Lansing Stadium Subsidy: Big Promises, Little Information
City claims massive return on investment; experts say no way
The ranks of Michigan professional sports teams — and taxpayer subsidies to support them — will grow by one next month as the minor league soccer franchise Lansing Ignite kicks off its inaugural season.
The Ignite will have a 15-game home schedule in 2019, to be played at Cooley Law School Stadium, which is owned by the city of Lansing and is home to minor league baseball’s Lansing Lugnuts.
Under an agreement signed between the soccer franchise and the city last year, Lansing will bankroll costs for marketing the new team. It will also pay for turf equipment to prepare the baseball field for soccer and annual maintenance. Local news reports suggest the cost to taxpayers will run up to $3 million or more over the 16-year life of the agreement.
Scott Keith, CEO of the Lansing Entertainment and Public Facilities Authority, the stadium’s de facto landlord, said this week he believes that figure is overstated and doesn’t factor in revenue the city will gain from ticket sales and concession revenue.
But the question remains: Why is a cash-strapped city with crumbling roads and $700 million in unfunded retiree debt subsidizing a privately owned professional sports team?
The answer provided by Mayor Andy Schor and City Council — which approved the deal unanimously — is that thousands of new fans will flock to Lansing. According to the Lansing City Pulse, Schor claimed they will spend at a rate of $100 per person, contributing to the city’s prosperity.
That optimism is almost certainly unfounded, said University of Michigan-Flint economics professor Chris Douglas, who has reviewed academic analyses of sports and stadium subsidies around the country.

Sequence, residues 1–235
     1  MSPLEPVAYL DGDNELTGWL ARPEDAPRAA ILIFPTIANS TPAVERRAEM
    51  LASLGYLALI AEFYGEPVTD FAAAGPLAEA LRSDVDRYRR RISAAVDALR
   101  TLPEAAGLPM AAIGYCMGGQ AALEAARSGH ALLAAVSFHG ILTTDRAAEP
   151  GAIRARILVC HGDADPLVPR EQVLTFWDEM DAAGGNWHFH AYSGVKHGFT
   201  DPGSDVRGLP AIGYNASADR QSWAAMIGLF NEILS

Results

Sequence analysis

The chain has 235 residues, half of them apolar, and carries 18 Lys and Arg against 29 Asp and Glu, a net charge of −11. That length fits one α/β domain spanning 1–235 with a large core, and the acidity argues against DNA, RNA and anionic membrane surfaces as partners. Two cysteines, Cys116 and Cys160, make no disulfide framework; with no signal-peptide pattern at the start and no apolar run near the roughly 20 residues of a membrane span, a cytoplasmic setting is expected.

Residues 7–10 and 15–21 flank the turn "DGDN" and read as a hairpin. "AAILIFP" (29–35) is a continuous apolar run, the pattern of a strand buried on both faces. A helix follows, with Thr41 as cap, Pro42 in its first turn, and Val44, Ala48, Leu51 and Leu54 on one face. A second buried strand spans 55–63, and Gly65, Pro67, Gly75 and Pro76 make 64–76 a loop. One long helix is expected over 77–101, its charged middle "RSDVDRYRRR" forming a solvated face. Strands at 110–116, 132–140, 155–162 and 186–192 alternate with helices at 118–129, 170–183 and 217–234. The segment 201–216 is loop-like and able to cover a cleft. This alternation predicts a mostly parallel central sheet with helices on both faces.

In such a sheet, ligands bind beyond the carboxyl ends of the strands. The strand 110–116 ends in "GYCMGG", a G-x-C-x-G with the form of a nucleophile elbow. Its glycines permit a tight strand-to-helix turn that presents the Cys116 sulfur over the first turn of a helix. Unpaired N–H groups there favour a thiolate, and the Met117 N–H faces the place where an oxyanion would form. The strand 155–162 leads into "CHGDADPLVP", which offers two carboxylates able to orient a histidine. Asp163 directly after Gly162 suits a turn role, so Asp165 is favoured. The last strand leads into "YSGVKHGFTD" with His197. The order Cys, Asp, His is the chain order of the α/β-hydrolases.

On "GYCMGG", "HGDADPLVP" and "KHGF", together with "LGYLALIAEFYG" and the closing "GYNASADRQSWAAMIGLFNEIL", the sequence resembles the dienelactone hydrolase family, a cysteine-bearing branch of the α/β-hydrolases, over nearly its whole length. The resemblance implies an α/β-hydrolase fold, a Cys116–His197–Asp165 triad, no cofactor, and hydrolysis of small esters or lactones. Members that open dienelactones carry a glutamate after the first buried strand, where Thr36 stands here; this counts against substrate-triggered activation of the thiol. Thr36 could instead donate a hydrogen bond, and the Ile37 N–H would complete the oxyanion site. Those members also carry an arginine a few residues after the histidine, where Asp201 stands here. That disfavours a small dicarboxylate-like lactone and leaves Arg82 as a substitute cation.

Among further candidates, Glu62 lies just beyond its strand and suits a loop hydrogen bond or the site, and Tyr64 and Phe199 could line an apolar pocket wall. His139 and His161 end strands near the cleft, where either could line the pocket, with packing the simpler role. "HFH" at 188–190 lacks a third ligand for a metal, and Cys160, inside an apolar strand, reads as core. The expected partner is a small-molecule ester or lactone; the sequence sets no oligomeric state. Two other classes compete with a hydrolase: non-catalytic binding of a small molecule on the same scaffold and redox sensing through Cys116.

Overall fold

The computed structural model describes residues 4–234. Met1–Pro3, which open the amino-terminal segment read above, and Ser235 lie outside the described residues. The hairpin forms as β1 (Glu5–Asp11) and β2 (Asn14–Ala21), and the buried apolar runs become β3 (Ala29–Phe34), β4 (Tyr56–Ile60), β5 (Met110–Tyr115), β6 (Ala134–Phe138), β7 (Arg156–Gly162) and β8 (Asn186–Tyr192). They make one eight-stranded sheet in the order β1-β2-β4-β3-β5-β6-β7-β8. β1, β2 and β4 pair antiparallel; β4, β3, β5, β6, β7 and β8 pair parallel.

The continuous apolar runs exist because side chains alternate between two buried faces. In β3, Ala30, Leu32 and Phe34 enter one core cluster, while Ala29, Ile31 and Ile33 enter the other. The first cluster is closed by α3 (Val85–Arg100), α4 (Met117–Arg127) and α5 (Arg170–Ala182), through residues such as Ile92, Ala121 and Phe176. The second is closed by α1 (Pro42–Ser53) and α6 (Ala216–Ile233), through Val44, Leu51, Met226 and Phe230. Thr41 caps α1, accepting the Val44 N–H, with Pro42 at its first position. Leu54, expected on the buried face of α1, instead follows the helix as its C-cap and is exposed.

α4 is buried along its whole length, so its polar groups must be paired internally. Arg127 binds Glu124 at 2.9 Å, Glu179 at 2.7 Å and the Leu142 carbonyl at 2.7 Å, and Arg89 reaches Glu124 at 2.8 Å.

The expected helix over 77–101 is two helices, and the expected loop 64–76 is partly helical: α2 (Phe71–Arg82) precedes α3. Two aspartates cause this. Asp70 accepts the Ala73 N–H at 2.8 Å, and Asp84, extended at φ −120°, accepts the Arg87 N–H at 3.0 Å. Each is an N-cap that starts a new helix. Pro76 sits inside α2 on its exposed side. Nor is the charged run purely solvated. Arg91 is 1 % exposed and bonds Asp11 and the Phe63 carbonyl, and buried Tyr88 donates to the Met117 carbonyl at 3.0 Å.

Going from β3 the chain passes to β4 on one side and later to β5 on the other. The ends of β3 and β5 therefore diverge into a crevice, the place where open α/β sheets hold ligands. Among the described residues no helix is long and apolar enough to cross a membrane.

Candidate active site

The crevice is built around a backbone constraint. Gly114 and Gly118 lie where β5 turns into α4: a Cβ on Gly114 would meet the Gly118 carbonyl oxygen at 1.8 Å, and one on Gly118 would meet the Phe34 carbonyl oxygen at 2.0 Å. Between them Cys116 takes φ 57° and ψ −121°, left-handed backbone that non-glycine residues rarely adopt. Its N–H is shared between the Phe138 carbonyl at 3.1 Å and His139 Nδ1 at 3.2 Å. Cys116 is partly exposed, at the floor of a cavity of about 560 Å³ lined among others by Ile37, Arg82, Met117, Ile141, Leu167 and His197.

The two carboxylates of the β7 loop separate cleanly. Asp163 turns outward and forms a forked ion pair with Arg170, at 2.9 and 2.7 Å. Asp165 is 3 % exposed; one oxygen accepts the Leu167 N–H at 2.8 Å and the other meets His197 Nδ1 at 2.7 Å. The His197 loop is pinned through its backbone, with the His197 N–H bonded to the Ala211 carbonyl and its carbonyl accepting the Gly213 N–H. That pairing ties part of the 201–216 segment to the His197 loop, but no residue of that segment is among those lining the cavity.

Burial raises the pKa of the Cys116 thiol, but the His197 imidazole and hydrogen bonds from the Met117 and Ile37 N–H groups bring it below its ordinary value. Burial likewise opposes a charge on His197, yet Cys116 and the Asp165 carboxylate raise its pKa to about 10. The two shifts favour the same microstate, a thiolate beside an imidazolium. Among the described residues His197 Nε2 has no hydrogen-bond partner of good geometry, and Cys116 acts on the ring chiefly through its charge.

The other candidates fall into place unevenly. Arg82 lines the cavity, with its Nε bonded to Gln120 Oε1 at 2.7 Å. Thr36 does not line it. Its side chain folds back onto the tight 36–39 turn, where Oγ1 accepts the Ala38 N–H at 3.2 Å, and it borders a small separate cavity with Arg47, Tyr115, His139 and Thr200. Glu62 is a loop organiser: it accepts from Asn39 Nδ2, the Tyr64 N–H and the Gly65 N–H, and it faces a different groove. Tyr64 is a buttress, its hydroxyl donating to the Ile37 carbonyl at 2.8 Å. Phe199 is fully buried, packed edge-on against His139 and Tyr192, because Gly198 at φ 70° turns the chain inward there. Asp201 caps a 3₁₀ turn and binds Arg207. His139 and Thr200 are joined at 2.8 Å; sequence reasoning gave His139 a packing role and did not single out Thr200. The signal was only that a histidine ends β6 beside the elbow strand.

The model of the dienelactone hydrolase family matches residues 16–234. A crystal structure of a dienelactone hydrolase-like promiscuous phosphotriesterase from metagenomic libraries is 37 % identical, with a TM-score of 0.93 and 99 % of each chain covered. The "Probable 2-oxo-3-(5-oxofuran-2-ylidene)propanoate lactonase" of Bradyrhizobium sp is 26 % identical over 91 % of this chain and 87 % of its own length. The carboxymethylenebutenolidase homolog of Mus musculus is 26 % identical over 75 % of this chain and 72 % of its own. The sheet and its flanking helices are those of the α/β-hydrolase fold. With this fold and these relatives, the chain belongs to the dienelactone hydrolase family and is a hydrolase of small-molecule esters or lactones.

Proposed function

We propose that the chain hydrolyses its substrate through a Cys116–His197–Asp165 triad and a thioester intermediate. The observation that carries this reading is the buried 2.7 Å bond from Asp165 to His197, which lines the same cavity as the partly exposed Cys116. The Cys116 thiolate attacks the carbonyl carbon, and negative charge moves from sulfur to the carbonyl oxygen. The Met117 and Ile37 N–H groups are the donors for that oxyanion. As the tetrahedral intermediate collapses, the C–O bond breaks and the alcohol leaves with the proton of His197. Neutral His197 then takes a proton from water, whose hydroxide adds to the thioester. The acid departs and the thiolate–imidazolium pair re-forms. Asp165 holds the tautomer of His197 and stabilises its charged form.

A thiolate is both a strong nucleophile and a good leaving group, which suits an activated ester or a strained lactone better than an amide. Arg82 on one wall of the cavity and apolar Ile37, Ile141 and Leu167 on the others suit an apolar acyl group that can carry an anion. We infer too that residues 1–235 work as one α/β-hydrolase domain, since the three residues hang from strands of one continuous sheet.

“I think there is zero evidence that these subsidies pay for themselves,” Douglas said.
Politicians and sports fans are energized by the excitement (at least for some teams) they get on game day, Douglas said. But there are many more days, especially for an open-air stadium in a northern climate, when the facility sits empty, he said.
“Politicians like these subsidies because they’re kind of fun and people are having a good time,” Douglas said, “Addressing pension liabilities is not fun.”
The argument that sports teams can’t operate without taxpayer support is challenged by the experience of those who thrive without it.
Lansing Ignite is almost certainly hoping to replicate the model of Detroit City FC, a minor league soccer affiliate known for its rowdy and passionate fan base.
Detroit City regularly draws thousands to its games in Hamtramck, where it moved to after outgrowing the stands at a Detroit high school.
To make the move possible, the team raised $741,000 from its private investor fan base to refurbish WWII-era Keyworth Stadium.
Supporters of the Lansing Ignite deal claim city taxpayers will benefit from increased use of the ballpark.
Facilities Authority CEO Keith said the city’s agreement with the soccer team is modeled on one that’s been in place with the Lugnuts for 24 years. He said he believes subsidies to the baseball team are now completely offset by the city’s cut of revenues but could not provide precise figures. The city also shoulders capital costs for the stadium, he said.
Lansing Communications Manager Valerie Marchand said this week she did not have details on the soccer subsidy, but would try to locate them.
The subsidies Lansing may provide to the baseball and soccer teams are minor in comparison to what big league owners routinely wring from their host governments. State and local taxpayers covered nearly $500 million of the cost to build Ford Field, home to the Detroit Lions, as well as Little Caesars Arena, home to the Detroit Red Wings and Detroit Pistons.